Is there a way to avoid paying IHT on our family home?

Like most old houses in our area, the value of our home has skyrocketed over the last 25 years. We now worry that our cherised family home house will present our two children with a nasty inheritance tax bill. Is there anything we can do that won’t cost an arm and a leg?

Question asked by Henry Shaheen
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Answered by Stephen Moore

Currently you and your spouse enjoy a joint inheritance tax allowance, or nil-rate band, of £650,000. At the start of the 2017 tax year, all UK residents will also qualify for the new main residence allowance which starts at £100,000 per person. It’s scheduled to rise incrementally in each of the following three tax years and to reach £175,000 by the 2020 tax year, when it will then rise in line with consumer price inflation (CPI).

This means that by April of 2020, you and your spouse will enjoy a combined inheritance tax allowance of £1 million which can be offset against your property before any inheritance tax is due.

Although this sounds generous, it may not be sufficient to spare your estate from inheritance tax – especially as your allowance will also be required to cover the value of any other assets you may have. This means you need to plan carefully to reduce the potential tax bill you pass along to your children. There are a number of simple things you can do before considering more complex arrangements.

How to avoid inheritance tax on your family home?

First you need to decide whether it’s the family home itself that you want to leave to your children or just the value that it has come to represent. Given a few years to plan, it will be easier to pass along the value locked up in your home if it’s been turned into cash. So you need to balance the benefits of a sale against your own needs in the coming years.

If you’re more concerned with passing the value, rather than the property itself, equity release may be an attractive option. With interest rates at record lows, you can now borrow cheaply against the value of your home and release capital that can either be distributed to your beneficiaries or invested outside of the IHT regime for their future benefit.

This approach means that the house will inevitably be sold but that you and your spouse can remain resident in the property until you both die.

Make use of IHT exempt gifts

There are detailed rules around giving gifts that reduce the size of your estate for IHT purposes. HMRC allows you and your spouse an ‘annual exemption’ of £3,000. You can also make a host of smaller gifts each year as well as being able to help support family members or to make regular payments from excess income, all free of inheritance tax.

These are valuable exemptions as they can help to reduce the value of your estate and so cut down the amount of IHT that it inevitably attracts.

Gifting your property to your children to avoid IHT

The next option might be to consider gifting the family home to your children. However, there are a number of drawbacks to this approach not least of which are the complex rules that surround such arrangements.

For example, if you gift your home to your children but you continue to live there, it will remain part of your estate and so be liable to IHT when you die – regardless of when you may have made the gift. To avoid this, you’ll need to pay a market rent and your share of the bills, although any rent you pay will be subject to income tax for your children. You’ll also need to live the prerequisite seven years.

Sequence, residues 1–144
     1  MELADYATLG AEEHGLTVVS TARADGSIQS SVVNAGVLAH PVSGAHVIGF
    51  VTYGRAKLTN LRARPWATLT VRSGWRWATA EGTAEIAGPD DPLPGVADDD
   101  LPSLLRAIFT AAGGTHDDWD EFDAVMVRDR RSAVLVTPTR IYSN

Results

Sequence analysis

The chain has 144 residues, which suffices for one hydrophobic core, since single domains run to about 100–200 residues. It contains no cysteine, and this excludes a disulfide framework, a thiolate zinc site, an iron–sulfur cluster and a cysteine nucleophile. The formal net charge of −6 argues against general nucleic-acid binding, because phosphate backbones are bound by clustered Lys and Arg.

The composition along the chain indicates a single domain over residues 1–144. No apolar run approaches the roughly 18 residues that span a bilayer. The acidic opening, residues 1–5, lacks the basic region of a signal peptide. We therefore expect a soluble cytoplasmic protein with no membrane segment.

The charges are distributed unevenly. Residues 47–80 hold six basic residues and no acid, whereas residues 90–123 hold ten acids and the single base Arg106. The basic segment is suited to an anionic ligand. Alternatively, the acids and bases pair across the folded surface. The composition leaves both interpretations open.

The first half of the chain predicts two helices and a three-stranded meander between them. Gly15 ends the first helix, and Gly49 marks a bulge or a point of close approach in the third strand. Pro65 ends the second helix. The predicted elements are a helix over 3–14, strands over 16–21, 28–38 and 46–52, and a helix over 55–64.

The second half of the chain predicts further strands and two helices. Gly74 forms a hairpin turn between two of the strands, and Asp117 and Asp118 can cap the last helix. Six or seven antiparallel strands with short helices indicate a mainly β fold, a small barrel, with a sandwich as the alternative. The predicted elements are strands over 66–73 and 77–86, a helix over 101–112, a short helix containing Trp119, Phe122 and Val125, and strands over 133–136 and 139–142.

However, in principle, you may be able to avoid inheritance tax and the need to pay rent in situations where you gift part of your property to your children and they subsequently live in the house itself.

Related issues

The other issue is how well you get on with your children and their spouses. If you choose to sign over your property to them it naturally becomes their asset. If relations deteriorate or if, for example, your children then divorce, you could find the house being sold out from under you. Equally, your property could become subject to a bankruptcy settlement for your children.

If you should outlive your children, then you could find yourself living in a property that’s now owned by their beneficiaries.

Capital gains tax

The issue is further complicated by the risk of capital gains tax (CGT). If you gift your property to your children, as it won’t be their main residence, any gains above the £11,100 annual allowance will be subject to 18% tax for basic-rate tax payers and 28 per cent for higher rate tax payers. By contrast, there’s no CGT liability on cash gifts.

Remember to include potential care costs when making your plans. Local councils have the power to reverse any transfer of ownership if they deem that the transfer was a “deliberate deprivation of assets” calculated to avoid residential care home fees.

None of this is straightforward so always seek professional advice and keep in mind that, the sooner you start making arrangements, the more likely you are to be able to avoid inheritance tax altogether.

inheritance tax
 
main residence nil rate band
 
family inheritance tax liability
 
This information does not constitute financial or other professional advice. You should consult your professional adviser or contact us directly on 02084327333 should you require financial advice. It is important to ensure any insurance policy you take out is suitable for your needs.
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